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‘St. Pollution?’ Writer John Lahr details Tennessee Williams' tortured relationship with St. Louis

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The Guardian has called it “compulsively readable.” Dame Helen Mirren has said it to be a “masterpiece.” On Thursday’s “St. Louis on the Air,” host Don Marsh spoke with prolific theatre critic John Lahrabout his biography of St. Louis’ famous playwright, Tennessee Williams, which was released in paperback earlier this month. Turns out, Tennessee Williams was not as fond of claiming St. Louis as St. Louis is of claiming him.

“He loathed it because he had such a miserable childhood here,” said Lahr. “His family was at war, literally, drove their children crazy. One, as everyone knows, Rose, who had one of the earliest pre-frontal lobotomies and Tennessee, who was not crazy then was certainly very handicapped by the constant battle between the parents, his mother’s frigidity and his father’s violence. It was a recipe for disaster and it was.”

Lahr said Williams referred to St. Louis as “St. Pollution.” At the same time, he used the awful memories of his boyhood home as fuel for characters and themes in his plays, such as “The Glass Menagerie” and “Streetcar Named Desire,” which would later become part of the classic American theatre canon.

Williams referred to St. Louis as St. Pollution.

“Tennessee said that he wanted to paint a picture of his heart and that his plays were a picture of that heart at the time of that writing,” Lahr said. “As his heart flowered, blossomed, atrophied and declined, the plays really reflect this internal shift in him. They’re, one, long. He wrote 70 plays, and they are astoundingly astute and uncanny in how he could imagine problems that he had and then reconfigure them in stories. If you read the plays, you see his moral and imaginative transformation as he declines.”

In Williams, the battles for life and death were always in contention, said Lahr. When taken as a whole, he says, “The plays represent a landscape of American individualism.”  The self, transformation of the self, desire and yearning were predominant themes in Williams’ work and transformed modern American theatre in the way few other playwrights did.

Credit John Lahr

Lahr, the son of actor Bert Lahr, who played the Cowardly Lion in “The Wizard of Oz,” said he didn’t realize how his childhood would prepare him to both review and write about writers and actors in his career.

“I realize now how I always had a perception of the difference between a person’s public persona and their private persona, because my father, who was sensationally fabulous on stage was sensationally morose off of it,” said Lahr.

This background well prepared Lahr for the task of applying meaning to the varied and confusing life of Williams.

“As a writer, the narrative challenge [of Tennessee William’s life] is hard,” Lahr said. “You have a public life, a private life and this extraordinary body of work, which includes the plays, 70 he wrote, and an awful lot of very good poems and short stories. You’re juggling the work, the man, and the celebrity. And also, as a biographer, you have to impose an interpretation on all of this. My game is putting the writer’s work into the context of culture and to impose meaning.”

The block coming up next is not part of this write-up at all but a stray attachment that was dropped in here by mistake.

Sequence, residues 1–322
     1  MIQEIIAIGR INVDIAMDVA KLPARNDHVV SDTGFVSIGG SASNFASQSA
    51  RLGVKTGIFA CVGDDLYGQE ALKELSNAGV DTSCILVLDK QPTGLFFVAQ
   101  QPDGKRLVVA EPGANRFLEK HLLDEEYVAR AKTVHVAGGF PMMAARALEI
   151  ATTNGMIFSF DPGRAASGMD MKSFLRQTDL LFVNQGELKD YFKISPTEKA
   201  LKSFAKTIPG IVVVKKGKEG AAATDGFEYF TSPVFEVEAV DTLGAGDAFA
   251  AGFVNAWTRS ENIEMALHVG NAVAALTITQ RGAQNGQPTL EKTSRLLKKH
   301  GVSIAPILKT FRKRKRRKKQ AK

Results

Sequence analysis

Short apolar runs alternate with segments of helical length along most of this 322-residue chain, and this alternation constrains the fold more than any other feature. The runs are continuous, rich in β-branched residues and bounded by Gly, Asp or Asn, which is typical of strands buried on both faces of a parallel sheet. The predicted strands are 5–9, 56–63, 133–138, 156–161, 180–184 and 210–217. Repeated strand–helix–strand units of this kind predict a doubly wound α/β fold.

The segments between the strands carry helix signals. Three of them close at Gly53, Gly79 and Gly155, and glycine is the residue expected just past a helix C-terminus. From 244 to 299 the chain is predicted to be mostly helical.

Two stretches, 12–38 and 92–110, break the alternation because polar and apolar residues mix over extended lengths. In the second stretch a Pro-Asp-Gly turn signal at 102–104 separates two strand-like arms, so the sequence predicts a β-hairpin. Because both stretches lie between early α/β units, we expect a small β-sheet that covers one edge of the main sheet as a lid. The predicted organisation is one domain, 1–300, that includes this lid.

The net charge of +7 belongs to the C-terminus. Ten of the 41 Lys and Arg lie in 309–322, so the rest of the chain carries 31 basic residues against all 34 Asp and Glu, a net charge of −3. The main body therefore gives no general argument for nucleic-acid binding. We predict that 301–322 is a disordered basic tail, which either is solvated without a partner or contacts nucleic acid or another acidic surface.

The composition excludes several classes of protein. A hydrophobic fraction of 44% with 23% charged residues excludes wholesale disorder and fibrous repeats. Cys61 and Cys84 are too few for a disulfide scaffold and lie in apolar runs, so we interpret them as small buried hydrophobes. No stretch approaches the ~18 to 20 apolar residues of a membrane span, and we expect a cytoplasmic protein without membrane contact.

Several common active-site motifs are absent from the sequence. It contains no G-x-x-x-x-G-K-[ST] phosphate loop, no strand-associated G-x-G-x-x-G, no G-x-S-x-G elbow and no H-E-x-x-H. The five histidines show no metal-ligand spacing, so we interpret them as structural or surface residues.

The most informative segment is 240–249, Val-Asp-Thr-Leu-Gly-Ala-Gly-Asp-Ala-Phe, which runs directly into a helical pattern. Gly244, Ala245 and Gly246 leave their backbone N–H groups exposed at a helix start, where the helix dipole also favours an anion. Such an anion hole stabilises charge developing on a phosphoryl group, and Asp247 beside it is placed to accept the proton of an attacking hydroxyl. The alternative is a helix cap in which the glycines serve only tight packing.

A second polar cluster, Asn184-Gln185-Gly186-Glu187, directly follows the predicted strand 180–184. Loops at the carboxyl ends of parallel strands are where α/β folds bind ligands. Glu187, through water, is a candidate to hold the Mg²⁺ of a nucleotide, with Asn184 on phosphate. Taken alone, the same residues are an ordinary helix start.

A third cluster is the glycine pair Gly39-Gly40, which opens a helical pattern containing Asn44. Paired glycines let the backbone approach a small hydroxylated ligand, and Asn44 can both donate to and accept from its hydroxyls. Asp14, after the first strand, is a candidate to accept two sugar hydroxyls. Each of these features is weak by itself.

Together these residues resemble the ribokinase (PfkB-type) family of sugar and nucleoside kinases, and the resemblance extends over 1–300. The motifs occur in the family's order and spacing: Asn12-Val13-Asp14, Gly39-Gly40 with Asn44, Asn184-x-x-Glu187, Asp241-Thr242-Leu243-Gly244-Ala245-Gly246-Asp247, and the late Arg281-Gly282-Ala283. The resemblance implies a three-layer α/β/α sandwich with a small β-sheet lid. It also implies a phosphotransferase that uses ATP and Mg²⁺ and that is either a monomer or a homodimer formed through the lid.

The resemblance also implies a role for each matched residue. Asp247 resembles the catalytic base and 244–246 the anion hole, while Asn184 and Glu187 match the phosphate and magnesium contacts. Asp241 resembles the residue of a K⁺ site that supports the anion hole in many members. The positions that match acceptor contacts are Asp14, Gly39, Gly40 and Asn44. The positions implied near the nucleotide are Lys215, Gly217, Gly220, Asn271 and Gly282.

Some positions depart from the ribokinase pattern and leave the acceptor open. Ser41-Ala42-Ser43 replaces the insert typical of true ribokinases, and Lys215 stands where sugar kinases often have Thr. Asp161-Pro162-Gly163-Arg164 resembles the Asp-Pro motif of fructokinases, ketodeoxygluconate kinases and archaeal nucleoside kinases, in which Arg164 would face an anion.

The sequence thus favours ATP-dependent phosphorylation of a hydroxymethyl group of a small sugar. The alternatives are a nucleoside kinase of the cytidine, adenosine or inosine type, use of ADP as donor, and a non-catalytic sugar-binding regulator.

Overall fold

Lahr actually met Williams while working on a revival of “Camino Real” at Lincoln Center in the 1970s. He said that he was taken aback at the realization that Williams was so drunk he had to be lifted into the theatre to see the production of his work. He became further immersed in learning about Williams’ life as the New Yorker’s drama critic in the early 1990s. It was there he began work on the biography, which took 12 years to write. Lahr’s book won the National Book Critics Circle Award in Biography in 2014 and was a finalist for the National Book Award.

You're juggling the work, the man, and the celebrity. And also, as a biographer, you have to impose an interpretation on all of this. My game is putting the writer's work into the context of culture and to impose meaning.

  Lahr’s next book is called “Joy Ride: Show People and Their Shows” and takes readers behind-the-scenes of contemporary dramatists’ creation process. You can also hear Lahr speak this afternoon at Washington University. 

Related Event

John Lahr: "Tennessee Williams and the Out-crying Heart"

2015 Helen Clanton Morrin Lecture, Washington University Performing Arts Department

When: Oct. 1, 4 p.m.

Where: Ann W. Olin Women's Building Formal Lounge.

Admission: Free.

"St. Louis on the Air" discusses issues and concerns facing the St. Louis area. The show is produced by Mary EdwardsAlex Heuer and Kelly Moffitt and hosted by veteran journalist Don Marsh. Follow us on Twitter and join the conversation at @STLonAir.

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